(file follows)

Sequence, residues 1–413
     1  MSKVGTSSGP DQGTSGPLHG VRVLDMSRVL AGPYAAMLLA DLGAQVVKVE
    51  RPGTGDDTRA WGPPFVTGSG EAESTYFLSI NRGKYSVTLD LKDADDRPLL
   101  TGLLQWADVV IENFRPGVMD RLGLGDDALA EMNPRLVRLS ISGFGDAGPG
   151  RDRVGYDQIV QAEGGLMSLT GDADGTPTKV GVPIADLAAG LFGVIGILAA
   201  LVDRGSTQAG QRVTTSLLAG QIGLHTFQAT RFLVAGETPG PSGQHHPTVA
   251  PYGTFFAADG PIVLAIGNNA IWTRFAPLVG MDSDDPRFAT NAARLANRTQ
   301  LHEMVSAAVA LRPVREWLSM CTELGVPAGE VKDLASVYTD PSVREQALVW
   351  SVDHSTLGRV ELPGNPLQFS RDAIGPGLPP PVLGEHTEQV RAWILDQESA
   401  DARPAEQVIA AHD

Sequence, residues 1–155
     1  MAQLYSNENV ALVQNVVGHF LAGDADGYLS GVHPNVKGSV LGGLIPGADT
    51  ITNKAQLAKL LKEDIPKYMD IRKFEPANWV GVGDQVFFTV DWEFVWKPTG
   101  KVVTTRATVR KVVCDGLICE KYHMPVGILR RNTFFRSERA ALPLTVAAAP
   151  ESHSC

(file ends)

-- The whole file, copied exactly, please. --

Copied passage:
Sequence, residues 1–413
     1  MSKVGTSSGP DQGTSGPLHG VRVLDMSRVL AGPYAAMLLA DLGAQVVKVE
    51  RPGTGDDTRA WGPPFVTGSG EAESTYFLSI NRGKYSVTLD LKDADDRPLL
   101  TGLLQWADVV IENFRPGVMD RLGLGDDALA EMNPRLVRLS ISGFGDAGPG
   151  RDRVGYDQIV QAEGGLMSLT GDADGTPTKV GVPIADLAAG LFGVIGILAA
   201  LVDRGSTQAG QRVTTSLLAG QIGLHTFQAT RFLVAGETPG PSGQHHPTVA
   251  PYGTFFAADG PIVLAIGNNA IWTRFAPLVG MDSDDPRFAT NAARLANRTQ
   301  LHEMVSAAVA LRPVREWLSM CTELGVPAGE VKDLASVYTD PSVREQALVW
   351  SVDHSTLGRV ELPGNPLQFS RDAIGPGLPP PVLGEHTEQV RAWILDQESA
   401  DARPAEQVIA AHD

Sequence, residues 1–155
     1  MAQLYSNENV ALVQNVVGHF LAGDADGYLS GVHPNVKGSV LGGLIPGADT
    51  ITNKAQLAKL LKEDIPKYMD IRKFEPANWV GVGDQVFFTV DWEFVWKPTG
   101  KVVTTRATVR KVVCDGLICE KYHMPVGILR RNTFFRSERA ALPLTVAAAP
   151  ESHSC